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Imagine a creature that can grow its own spear and helmet when threatened by an attacker. There is one and the federal government was intrigued enough to fund a major effort to investigate this fierce little creature's genetics. NPR's Joe Palca reports.
JOE PALCA: Anything that can grow its own armor sounds pretty scary. But it's hard to be afraid of a creature named Daphnia.
JOHN COLBOURNE: Daphnia are small crustacea, about the size of an equal sign on your keyboard.
PALCA: Other crustaceans you might be familiar with are shrimps and lobsters. Daphnia are a bit different.
COLBOURNE: They are transparent.
PALCA: Well, so are a lot of us. But in Daphnia's case it's literally true you can see right through them. That transparency also led the first scientists who saw Daphnia to think it was a flea.
COLBOURNE: When they first noticed this organism, sometimes they would be found to be bright red.
PALCA: So, scientists thought they were bloodsuckers and called them water fleas. Turns out, they're not bloodsuckers, they're blood makers. Daphnia have genes that make hemoglobin. So, when the animal is stressed out, these genes switch on and Daphnia looks red. In fact, Daphnia have an astonishingly large number of genes.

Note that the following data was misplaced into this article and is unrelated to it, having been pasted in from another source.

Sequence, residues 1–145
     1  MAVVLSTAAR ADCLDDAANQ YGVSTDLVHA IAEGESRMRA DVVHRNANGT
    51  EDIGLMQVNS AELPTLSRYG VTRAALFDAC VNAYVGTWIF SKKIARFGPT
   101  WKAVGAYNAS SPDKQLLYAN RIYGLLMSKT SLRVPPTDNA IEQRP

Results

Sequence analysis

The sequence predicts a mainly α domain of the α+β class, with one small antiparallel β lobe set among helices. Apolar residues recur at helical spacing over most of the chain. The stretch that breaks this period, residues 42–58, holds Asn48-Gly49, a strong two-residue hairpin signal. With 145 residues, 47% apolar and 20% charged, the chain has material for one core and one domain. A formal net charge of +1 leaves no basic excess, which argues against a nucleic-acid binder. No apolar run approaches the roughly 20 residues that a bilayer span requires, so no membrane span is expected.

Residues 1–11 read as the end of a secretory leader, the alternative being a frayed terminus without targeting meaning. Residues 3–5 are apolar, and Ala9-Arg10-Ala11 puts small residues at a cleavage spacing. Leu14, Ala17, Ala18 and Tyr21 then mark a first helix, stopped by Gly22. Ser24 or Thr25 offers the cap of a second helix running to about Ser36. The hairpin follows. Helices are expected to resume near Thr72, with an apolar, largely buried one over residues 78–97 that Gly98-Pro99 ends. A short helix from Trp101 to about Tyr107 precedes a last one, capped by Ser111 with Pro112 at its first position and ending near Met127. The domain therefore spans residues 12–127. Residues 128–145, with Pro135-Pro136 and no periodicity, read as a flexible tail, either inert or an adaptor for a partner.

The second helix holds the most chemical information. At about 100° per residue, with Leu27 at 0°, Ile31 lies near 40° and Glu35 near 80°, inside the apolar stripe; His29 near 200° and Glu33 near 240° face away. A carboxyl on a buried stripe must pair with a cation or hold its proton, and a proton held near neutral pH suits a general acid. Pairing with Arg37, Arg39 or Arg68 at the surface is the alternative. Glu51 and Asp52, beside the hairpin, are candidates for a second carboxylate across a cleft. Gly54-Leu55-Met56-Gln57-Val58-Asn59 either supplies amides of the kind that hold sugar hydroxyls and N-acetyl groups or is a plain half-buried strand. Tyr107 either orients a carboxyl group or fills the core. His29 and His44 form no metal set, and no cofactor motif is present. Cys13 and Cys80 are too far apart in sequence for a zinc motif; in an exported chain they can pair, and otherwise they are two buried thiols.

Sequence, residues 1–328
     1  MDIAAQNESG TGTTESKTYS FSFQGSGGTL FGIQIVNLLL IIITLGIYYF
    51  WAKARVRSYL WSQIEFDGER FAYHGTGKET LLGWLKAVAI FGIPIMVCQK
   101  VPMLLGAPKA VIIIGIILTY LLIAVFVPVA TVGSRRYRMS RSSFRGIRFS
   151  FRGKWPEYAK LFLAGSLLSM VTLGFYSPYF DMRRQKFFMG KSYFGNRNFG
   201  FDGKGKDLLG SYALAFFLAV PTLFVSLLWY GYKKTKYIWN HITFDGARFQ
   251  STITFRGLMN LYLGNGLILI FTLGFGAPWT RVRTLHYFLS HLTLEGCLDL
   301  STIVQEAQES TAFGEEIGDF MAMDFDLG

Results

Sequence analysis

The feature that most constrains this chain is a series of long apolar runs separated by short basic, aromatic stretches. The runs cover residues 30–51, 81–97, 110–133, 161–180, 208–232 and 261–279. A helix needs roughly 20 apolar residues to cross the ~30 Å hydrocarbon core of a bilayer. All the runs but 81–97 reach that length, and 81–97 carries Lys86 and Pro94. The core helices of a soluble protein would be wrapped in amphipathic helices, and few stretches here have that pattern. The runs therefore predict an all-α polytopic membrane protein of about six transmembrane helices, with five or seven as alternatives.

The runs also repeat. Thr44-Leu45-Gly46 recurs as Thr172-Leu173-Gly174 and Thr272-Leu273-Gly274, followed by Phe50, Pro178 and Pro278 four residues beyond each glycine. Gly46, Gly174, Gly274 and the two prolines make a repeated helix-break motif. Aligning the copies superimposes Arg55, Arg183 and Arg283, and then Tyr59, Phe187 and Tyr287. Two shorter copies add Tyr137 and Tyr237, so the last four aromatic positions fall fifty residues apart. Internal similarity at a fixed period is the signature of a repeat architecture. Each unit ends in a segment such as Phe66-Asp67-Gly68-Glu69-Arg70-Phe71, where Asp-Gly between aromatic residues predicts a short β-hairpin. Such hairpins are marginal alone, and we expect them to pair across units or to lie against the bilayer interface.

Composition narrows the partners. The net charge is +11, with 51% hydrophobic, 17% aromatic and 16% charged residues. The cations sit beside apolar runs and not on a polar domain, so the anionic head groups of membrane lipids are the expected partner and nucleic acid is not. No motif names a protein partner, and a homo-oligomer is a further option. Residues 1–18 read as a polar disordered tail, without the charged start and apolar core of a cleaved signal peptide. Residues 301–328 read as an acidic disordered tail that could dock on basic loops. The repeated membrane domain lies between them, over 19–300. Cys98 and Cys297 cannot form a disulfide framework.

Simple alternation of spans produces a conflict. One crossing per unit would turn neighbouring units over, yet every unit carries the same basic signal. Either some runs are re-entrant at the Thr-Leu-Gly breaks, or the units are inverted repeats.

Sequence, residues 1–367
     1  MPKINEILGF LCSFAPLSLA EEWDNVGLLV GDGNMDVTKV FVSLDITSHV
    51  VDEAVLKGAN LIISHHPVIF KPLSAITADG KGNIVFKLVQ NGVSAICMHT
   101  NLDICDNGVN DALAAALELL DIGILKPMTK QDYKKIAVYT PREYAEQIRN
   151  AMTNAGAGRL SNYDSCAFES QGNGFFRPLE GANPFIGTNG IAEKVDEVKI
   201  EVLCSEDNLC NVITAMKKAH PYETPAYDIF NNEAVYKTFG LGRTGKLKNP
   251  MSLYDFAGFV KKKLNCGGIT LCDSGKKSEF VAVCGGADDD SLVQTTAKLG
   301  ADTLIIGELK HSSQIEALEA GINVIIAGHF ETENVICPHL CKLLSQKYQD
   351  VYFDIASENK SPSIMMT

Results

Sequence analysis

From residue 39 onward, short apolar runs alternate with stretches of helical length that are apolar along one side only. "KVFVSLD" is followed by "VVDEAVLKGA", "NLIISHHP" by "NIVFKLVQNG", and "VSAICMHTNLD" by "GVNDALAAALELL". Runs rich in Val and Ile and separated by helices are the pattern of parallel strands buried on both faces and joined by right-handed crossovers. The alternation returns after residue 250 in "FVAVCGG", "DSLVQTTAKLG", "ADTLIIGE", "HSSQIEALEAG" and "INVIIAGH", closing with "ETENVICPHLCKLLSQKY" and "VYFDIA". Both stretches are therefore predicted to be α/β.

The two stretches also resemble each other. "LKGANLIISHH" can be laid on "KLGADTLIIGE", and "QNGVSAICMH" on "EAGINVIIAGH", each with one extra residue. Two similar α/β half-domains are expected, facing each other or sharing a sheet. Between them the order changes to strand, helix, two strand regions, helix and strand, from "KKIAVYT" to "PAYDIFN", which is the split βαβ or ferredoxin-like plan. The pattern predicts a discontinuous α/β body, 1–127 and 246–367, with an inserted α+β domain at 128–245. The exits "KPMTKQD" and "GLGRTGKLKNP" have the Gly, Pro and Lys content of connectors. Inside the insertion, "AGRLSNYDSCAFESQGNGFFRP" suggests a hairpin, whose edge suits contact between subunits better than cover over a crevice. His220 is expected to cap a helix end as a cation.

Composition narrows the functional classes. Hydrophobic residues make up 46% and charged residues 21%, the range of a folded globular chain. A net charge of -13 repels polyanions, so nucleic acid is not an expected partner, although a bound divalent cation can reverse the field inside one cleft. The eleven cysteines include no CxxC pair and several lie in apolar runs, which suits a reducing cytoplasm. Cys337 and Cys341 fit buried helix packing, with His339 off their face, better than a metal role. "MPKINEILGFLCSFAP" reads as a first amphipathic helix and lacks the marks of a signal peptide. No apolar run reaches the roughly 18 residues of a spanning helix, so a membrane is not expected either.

COLBOURNE: The genome measures only 200 million bases and yet within this region we count over 31,000 genes.
PALCA: For comparison, the human genome has more like 23,000 genes. If Guinness tracks such things, Daphnia would hold the record for the most genes of any animal studied to date. And Colbourne says Daphnia has another surprise.
COLBOURNE: Many of those genes - we estimate around 35 percent of them - are brand new to science.
PALCA: Now, if you're like me, you might be wondering something: Why does a simple organism like Daphnia need more genes than a human being?
COLBOURNE: It's hard to say need more genes, because that would mean evolution has a goal. In this case it's obviously found some way to use more genes.
PALCA: Jeff Dudycha of the University of South Carolina says knowing the DNA sequence of Daphnia is particularly useful because many of the animals used for genetic research have only been studied in the lab.
JEFF DUDYCHA: It's virtually impossible to figure out much about their ecology in nature.
PALCA: Saran Twombly is a program officer at the National Science Foundation, one of the federal agencies that supported the investigation of Daphnia's genetics. She agrees that Daphnia provides some unique research opportunities.
SARAN TWOMBLY: What is it about the genome that allows an organism to be so flexible in response to its environment?
PALCA: Twombly says you shouldn't be surprised that it's possible to learn something fundamentally important about life on Earth from a critter about the size of a grain of rice.
TWOMBLY: Most of what we know about biology comes from decidedly uncharismatic organisms: worms, flies, bugs. We can grow them easily, we know what to feed them, we can do experiments with them. Can't do any of that stuff with lions and tigers and bears.
PALCA: Joe Palca, NPR News, Washington.
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